Covidization Of Healthcare Leaves Other Diseases Untreated

'Covidization' of healthcare systems worldwide has led to rising mortality rates in pathologies like cancer, and more births in the Third World.

A doctor in Madrid
Jorge Alcalde

MADRID — COVID-19 is killing people even without the virus.

Spain's Lung Cancer Group, a research body, believes lung cancer will have killed 1,300 people more in the country in 2020 than predictive models had anticipated before the pandemic struck. Between January and April this year, lockdowns and diverted healthcare resources meant 30% fewer initial oncology consultations than during those months in 2019.

This is just one of the many pathologies with significantly worse data for what many are calling a "covidization" of healthcare. It means that a near-exclusive focus on the coronavirus is impeding treatments, diagnoses and research in many other illnesses.

Covidization is a term coined by Madhukar Pai, a tuberculosis researcher at Montreal's McGill University to describe the pandemic's distorting effect on resource allocation, prioritization and media attention in fighting other pathologies. Data appear to have confirmed his opinion. Since April this year, the European Commission has devoted 137 million euros to research on the coronavirus, or twice all the monies spent in 2018 on tuberculosis, malaria and AIDS. Many researchers have felt the impact of changed priorities first-hand.

In a debate organized by the National Center for Oncological Research, Doctor Luis Paz-Ares, head of Medical Oncology at the 12 October University Hospital in Madrid, said that for months, hospital research has been devoted almost entirely to the coronavirus. "We have had to delay clinical trials, and at certain times the number of diagnoses dropped by as much as half," he said. "We must recover the lost ground."

The Spanish Anti-Cancer Society has gauged just how much ground was lost, revealing in a recent webinar that new cancer diagnoses have fallen by 20-25%, 36.5% of treatments had to be interrupted, 44% of surgeries were canceled or delayed, and 17% of radiotherapy treatments interrupted.

The medical review The Lancet has published a report in June on the impact of this diversion of resources to cancer survival rates in the United Kingdom. For the first time in recent history, cancer patients saw a drop in their chances of being cured, based on data for 32,583 patients with breast, colon, esophagus and lung tumors.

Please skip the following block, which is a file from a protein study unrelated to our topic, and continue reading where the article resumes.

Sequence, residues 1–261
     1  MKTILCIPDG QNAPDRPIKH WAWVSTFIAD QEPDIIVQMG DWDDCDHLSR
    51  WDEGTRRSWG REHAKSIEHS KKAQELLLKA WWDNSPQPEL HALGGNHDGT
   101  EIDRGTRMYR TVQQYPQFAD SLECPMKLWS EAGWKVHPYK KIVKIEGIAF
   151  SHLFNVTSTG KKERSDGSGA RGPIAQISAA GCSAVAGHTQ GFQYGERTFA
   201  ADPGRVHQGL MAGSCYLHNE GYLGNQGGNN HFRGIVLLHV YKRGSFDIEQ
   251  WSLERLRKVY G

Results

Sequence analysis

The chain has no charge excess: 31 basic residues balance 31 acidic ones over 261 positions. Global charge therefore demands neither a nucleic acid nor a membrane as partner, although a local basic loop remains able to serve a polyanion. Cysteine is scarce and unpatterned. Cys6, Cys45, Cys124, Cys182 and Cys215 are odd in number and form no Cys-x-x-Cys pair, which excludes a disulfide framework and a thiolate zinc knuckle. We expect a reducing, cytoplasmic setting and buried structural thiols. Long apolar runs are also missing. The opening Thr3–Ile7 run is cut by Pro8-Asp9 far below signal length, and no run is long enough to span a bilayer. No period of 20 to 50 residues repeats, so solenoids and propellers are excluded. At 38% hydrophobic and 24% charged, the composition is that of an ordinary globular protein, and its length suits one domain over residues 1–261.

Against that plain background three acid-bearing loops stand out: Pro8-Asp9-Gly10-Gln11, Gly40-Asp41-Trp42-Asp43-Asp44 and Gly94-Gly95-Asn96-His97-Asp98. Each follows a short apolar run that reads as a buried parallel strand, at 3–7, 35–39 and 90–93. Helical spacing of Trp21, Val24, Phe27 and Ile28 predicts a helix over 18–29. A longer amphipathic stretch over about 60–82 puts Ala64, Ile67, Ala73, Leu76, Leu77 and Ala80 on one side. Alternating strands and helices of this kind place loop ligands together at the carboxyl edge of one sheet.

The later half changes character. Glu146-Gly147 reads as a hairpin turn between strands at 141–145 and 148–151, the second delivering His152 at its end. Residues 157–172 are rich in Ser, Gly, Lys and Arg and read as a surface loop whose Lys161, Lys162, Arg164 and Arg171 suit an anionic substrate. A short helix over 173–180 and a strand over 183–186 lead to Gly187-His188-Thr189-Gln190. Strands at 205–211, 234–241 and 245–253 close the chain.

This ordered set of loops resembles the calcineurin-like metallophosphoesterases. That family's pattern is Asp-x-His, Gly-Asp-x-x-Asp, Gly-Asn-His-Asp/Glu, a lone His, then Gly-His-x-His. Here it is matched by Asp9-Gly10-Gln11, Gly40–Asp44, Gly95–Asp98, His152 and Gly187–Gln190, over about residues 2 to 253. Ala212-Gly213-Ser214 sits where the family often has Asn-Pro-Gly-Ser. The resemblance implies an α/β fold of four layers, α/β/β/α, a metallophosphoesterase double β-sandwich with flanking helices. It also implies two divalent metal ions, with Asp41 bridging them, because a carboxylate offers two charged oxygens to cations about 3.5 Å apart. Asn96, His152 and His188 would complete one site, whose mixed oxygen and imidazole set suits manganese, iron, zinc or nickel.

Five-year mortality from breast cancer is estimated to have increased by 7-9%, 15% for colon cancer, 5% for lung cancer and 6% for esophagus. The study concludes that this significant rise in expected cancer deaths for the pandemic can be rectified with ambitious mitigation policies.

AIDS is another illness affected by this change of paradigm. The Lancet"s latest editorial made it clear: the pandemic has strained healthcare systems the world over, and in regions where AIDS is most prevalent, it is causing important interruptions in diagnosis and treatment. This could raise HIV mortality rates by 10% over five years.

A "day against breast cancer" event in Malaga, Spain — Photo: Lorenzo Carnero/ZUMA

The HIV Modelling Consortium estimates that sub-Saharan Africa will see 296,000 more deaths from AIDS in 2021 than previously expected. UNAIDS believes in turn that a six-month interruption for six months in HIV mother-to-child transmission prevention programs can mean a 40% rise in child infection rates in the poorest countries.

Yet UNAIDS mitigated its pessimistic prognoses in recent weeks, stating that novel transport and distribution systems for therapies and medical attention may cut HIV transmission and mortality rates early in 2021.

It's the biggest impact on life expectancy since the 1918 pandemic and World War II.

The pandemic has also had an impact on assisted fertility treatments in Spain. The state of emergency decree on March 14, 2020 paralyzed the activities of all fertility centers, where only treatments already begun could be completed. Embryo transfers and new patients were blocked until centers were reopened a month later.